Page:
Are you prepared for the Corporate Transparency Act’s new reporting requirements?


The Corporate Transparency Act’s (the “CTA”) new beneficial ownership reporting requirements are rapidly approaching. Starting on January 1, 2024, any newly created domestic or foreign (i.e., companies organized outside of the US but registered to do business in the US) entities that don’t fall under an exemption to the rule will have 90-days from their organization to file an initial beneficial ownership report. Any existing entities (i.e., created before January 1, 2024) that don’t fall under an exemption to the rule will have until January 1, 2025 to file their initial beneficial ownership report. Finally, entities created after January 1, 2025 will have 30-days from organization to file their initial beneficial ownership report.

This article covers the basic questions of the law so you may help your company prepare and comply with the new reporting requirements. Questions like, is my company required to report? What individuals need to be identified on my reports? What information will go into the reports? And, what can I do to help prepare my company for these reporting requirements?

A. What is the CTA?

The CTA was included in the National Defense Authorization Act passed in 2021. The new law sets requirements on companies that fall within the definition of a “reporting company” to file reports that identify two categories of individuals: (i) the “beneficial owner(s)” of the reporting company, and (ii) the “company applicant(s)” of the reporting company. The Department of Treasury, led by the Financial Crimes and Enforcement Network (“FinCEN”), issued its final rule in September 2022 (the “Final Rule”) to help clarify questions that stemmed from the initial enactment of the CTA. The purpose of the CTA and its reporting requirements is intended to help prevent and combat money laundering, terrorist financing, corruption, tax fraud, and other illicit activity in the US.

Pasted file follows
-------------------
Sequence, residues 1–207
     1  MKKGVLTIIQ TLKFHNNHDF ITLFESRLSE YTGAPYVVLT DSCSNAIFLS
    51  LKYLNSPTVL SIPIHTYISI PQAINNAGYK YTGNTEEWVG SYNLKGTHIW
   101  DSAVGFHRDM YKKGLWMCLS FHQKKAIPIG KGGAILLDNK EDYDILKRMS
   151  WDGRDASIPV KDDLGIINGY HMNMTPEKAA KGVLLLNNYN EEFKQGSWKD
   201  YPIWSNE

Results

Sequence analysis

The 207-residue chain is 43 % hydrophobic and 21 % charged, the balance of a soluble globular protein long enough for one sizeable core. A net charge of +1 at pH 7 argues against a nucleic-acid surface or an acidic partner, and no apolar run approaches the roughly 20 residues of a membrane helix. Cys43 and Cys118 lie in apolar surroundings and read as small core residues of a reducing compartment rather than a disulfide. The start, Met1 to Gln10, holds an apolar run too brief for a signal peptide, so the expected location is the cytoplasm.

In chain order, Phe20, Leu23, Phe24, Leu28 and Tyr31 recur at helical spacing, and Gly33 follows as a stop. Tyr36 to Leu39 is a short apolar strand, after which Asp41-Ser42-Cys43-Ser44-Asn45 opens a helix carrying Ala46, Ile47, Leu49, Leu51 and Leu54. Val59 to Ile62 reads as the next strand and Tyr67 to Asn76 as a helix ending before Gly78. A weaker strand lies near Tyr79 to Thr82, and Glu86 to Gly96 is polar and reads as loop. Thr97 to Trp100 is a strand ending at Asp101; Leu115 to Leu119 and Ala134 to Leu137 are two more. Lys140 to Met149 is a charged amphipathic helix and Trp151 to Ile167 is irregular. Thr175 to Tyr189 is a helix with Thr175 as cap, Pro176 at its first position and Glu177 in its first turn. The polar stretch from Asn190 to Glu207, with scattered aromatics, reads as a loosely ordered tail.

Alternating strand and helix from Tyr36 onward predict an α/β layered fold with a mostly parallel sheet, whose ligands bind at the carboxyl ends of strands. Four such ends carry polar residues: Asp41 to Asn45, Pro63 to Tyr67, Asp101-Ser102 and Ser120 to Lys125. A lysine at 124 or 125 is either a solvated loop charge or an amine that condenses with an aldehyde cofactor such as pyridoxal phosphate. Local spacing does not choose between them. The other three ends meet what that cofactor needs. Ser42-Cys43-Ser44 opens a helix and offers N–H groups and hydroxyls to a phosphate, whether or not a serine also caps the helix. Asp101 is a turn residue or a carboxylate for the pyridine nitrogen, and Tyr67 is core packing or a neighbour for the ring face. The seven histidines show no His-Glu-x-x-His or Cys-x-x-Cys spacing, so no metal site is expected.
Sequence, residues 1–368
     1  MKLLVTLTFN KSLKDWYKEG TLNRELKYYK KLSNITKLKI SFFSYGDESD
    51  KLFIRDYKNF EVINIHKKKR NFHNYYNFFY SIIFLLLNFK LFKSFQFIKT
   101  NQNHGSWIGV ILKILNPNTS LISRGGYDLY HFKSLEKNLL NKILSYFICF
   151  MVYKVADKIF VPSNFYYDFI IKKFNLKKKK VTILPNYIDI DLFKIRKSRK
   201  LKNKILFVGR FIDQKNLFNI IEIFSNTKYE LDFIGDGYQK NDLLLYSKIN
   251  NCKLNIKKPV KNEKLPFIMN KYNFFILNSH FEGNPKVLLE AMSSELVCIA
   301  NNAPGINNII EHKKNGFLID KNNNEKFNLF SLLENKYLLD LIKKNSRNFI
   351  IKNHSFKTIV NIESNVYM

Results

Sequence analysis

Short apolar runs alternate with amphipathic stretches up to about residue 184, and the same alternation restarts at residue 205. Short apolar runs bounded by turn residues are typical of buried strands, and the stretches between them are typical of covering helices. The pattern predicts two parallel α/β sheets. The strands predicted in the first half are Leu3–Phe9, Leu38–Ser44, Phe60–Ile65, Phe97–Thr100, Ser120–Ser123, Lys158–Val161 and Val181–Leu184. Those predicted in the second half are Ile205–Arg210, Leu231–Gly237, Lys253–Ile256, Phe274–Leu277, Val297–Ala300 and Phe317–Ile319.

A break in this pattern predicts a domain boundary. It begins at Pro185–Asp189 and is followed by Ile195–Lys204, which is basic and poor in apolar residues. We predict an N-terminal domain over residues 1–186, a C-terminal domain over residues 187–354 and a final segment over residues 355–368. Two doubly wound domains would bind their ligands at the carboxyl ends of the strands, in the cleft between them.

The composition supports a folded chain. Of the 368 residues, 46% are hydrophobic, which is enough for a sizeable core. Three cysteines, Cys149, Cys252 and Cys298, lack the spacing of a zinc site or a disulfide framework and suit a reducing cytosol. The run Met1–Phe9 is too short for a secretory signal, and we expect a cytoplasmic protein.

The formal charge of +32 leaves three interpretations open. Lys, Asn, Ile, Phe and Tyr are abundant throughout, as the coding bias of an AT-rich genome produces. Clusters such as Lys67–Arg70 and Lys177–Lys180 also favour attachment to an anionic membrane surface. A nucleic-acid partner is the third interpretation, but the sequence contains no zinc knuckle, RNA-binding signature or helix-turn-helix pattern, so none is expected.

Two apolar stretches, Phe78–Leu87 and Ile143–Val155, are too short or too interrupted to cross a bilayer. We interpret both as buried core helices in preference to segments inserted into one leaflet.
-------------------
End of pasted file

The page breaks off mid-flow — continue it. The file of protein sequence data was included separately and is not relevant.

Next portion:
B. Is My Company Required to Report? If So, What Must It Report?

What is a Reporting Company?

Under the CTA, a reporting company means any corporation, limited liability, or other similar entity that is created under the law of a State or Indian Tribe; or a foreign company registered to do business under the law of a State or Indian Tribe. This definition is broadly drafted to capture any and every entity doing business in the US. However, the CTA provides for twenty-three (23) exemptions to the general definition of a reporting company.